During the period of 1954 – 1996, violence and war brought death to nearly $200,000 Guatemalans in Central America. In response to accumulating forces of genocide, the Guatemalan Poet, Julia Esquivel wrote a poem entitled, “They Have Threatened us with Resurrection.”

There is something here with in us
Which doesn’t let us sleep, which doesn’t let us rest,
Which doesn’t stop pounding deep inside,
It is the silent, warm weeping of women without their husbands,
It is the sad gaze of children
Fixed there beyond memory,
In the very pupil of our eyes
Which during sleep, though closed, keep watch
With each contraction of the heart
In every wakening…

What keeps us from sleeping
Is that they have threatened us with resurrection!
Because at each nightfall,
Though exhausted from the endless inventory of [death] …
Yet we continue to love life,
And do not accept their death…

Today although we are experiencing a context different than the conditions which inspired this poem, it speaks profoundly to the way many Americans are perhaps feeling about Easter this year. Physically sheltering in homes for fear catching or spreading the COVID-19 virus, its death-dealing reality threatens us corporately, personally, publicly, and globally at the same time. Appearing frequently on media posts and prominent television spots is the statement “We are in this together” or “Together we can get through this.” Investing in this civic hope is important warranting at all levels our collective effort. Yet in an ominous way, COVID-19 reveals truth beyond recovery back to the normal way of living or governing life as business as unusual. COVID-19 is unmasking other pandemics spreading deadly viruses– moral deficit to apply truth that honors the best possibilities for all people, the growing poverty and wealth gap, predatory capitalism, and pharmaceutical profit-making over the needs of people. These pandemics among others threaten us to rise to new life.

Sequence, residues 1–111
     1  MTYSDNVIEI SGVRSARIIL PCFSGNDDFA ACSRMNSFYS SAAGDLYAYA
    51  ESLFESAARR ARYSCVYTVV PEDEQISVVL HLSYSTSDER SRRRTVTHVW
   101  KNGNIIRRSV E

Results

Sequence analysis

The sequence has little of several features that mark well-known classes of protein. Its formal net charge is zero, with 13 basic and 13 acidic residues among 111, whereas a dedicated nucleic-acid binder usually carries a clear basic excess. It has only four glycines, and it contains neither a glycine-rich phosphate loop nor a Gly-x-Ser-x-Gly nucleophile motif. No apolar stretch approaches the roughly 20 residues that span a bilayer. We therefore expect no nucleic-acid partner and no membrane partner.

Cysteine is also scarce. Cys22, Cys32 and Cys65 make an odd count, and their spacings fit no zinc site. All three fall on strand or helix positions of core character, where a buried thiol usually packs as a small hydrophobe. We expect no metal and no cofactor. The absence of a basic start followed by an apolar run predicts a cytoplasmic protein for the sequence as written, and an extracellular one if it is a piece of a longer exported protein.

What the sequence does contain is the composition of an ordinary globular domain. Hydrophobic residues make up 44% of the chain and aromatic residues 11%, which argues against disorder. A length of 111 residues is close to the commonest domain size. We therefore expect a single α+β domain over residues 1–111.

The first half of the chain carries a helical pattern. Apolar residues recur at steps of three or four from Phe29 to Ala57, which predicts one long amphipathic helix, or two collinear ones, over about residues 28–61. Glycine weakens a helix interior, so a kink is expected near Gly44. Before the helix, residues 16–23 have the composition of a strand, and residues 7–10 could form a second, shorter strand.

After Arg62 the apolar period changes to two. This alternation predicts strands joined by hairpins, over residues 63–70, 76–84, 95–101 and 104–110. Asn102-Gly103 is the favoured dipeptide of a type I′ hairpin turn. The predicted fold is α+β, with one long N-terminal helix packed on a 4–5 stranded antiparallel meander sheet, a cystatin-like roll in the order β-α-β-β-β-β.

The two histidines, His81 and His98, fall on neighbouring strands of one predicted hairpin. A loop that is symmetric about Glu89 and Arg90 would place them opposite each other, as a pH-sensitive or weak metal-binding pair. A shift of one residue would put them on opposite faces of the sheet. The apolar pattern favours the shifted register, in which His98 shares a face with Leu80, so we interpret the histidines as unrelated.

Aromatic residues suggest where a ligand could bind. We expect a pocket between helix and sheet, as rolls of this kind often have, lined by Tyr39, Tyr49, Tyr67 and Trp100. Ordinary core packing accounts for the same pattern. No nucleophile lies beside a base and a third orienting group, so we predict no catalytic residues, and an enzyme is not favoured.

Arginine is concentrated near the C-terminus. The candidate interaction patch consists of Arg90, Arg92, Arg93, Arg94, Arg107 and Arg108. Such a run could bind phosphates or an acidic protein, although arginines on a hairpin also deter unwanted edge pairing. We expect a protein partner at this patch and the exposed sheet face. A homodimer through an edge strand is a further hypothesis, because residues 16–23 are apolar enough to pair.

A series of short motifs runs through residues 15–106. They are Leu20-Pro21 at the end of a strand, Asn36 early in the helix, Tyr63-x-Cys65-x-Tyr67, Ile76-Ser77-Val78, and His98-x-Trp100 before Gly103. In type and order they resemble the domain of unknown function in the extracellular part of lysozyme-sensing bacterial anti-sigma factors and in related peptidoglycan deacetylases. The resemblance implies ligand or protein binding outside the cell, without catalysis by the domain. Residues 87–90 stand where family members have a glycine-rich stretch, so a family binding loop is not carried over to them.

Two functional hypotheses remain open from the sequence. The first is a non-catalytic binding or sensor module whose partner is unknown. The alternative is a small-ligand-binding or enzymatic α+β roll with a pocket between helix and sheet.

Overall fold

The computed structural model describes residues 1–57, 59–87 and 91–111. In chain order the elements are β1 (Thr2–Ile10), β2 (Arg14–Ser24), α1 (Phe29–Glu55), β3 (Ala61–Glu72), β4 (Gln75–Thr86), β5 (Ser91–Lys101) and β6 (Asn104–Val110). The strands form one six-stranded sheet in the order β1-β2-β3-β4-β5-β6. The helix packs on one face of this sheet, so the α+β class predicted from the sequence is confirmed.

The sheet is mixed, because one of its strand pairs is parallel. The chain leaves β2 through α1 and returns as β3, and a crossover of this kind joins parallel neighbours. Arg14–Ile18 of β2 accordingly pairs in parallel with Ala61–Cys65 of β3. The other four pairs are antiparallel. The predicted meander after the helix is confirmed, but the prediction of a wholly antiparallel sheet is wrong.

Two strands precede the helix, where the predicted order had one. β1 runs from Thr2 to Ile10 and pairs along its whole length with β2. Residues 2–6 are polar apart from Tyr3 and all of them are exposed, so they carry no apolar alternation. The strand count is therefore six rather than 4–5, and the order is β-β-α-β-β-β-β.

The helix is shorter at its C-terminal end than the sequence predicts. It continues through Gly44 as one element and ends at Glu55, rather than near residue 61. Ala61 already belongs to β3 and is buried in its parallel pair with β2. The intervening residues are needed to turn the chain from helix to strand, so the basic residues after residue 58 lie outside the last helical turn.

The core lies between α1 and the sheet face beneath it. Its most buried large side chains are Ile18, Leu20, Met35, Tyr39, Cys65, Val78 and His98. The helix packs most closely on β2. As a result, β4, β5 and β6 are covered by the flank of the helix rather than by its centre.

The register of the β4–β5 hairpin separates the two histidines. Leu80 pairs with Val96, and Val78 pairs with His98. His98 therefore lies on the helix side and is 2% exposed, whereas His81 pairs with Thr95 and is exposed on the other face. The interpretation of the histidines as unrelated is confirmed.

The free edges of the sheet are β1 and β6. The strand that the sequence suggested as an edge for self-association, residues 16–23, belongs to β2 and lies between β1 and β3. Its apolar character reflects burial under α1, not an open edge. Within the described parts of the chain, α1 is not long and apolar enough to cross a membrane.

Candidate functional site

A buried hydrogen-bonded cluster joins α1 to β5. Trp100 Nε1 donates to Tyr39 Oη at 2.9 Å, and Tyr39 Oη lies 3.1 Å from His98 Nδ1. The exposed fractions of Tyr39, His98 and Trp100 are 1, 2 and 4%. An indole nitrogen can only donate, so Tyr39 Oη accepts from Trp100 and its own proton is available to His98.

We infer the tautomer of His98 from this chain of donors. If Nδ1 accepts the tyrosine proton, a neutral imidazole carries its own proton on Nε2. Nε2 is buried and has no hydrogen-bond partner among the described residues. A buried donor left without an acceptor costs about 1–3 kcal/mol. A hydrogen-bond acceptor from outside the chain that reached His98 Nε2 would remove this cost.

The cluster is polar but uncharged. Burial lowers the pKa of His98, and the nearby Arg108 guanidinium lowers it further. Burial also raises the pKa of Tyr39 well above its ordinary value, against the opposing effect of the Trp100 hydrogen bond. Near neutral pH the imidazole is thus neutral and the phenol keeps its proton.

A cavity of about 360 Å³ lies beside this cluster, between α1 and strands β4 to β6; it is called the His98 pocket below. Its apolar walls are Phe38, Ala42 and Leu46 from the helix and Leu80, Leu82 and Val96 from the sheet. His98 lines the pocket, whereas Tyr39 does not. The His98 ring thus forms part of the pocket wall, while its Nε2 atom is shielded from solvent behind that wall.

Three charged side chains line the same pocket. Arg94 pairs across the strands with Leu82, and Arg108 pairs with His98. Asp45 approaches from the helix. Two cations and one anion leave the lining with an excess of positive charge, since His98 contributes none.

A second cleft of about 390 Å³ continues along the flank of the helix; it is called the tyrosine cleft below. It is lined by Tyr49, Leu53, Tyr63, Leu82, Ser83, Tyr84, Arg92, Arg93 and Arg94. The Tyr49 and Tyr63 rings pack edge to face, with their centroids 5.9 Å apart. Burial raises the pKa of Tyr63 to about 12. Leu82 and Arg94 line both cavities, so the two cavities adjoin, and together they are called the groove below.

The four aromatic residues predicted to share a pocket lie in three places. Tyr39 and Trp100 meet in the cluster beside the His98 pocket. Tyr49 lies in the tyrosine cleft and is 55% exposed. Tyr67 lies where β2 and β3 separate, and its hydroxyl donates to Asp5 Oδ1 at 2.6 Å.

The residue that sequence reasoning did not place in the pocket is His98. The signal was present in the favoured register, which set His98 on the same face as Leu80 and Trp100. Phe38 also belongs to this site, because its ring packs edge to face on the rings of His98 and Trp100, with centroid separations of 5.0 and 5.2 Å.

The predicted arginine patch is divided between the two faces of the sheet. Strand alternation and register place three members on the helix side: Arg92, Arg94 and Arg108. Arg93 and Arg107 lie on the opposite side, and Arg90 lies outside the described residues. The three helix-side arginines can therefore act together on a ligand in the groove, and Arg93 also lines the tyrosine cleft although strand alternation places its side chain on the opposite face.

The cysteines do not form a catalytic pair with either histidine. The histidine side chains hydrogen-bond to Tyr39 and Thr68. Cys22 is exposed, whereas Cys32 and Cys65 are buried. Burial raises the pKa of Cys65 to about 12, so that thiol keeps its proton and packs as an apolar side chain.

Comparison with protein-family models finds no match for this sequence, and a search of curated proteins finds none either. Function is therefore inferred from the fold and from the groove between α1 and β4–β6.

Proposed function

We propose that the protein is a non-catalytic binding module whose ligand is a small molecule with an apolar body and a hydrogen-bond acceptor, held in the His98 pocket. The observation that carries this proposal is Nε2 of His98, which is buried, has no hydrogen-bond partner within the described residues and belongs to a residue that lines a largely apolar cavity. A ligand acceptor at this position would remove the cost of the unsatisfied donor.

The disciples who followed Jesus offer us the gift of their fears and vulnerability when they allow us to read in the gospel narratives centuries later that when Jesus was arrested and crucified for alleged crimes against the Roman empire, they all forsook him and fled from the future God intends for the world. The ominous reality of coronavirus shoots holes in untested belief-systems and religious generalities about the future God not only intends for us and but its real possibility in the world. In the chambers of our own hearts, what secretly threatens us is facing the psychological tremor and existential insecurities that necessitate we turn to new transformations in the way we live. This is becoming evident as the silent attack of the virus carries us deeper into the valley of death and fear. This threat “pounding deep inside of us” challenges our faith to rise again to trusting the divine measures of life. No doubt this makes Easter the crown jewel of Christian faith. It is “the pounding inside the heart” to have resurrection faith when there seems to be more military hardware for organization of death and less spiritual commitment and medical supplies for organization and healing of life. I join many of you in this Easter moment to embrace the larger divine purpose for the world over all that seeks to destroy and defeat the goodness of life.